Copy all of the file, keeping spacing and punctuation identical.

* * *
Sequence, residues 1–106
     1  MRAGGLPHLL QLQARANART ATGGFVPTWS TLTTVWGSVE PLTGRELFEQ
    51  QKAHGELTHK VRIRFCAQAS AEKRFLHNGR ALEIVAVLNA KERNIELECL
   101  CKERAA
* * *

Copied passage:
Sequence, residues 1–106
     1  MRAGGLPHLL QLQARANART ATGGFVPTWS TLTTVWGSVE PLTGRELFEQ
    51  QKAHGELTHK VRIRFCAQAS AEKRFLHNGR ALEIVAVLNA KERNIELECL
   101  CKERAA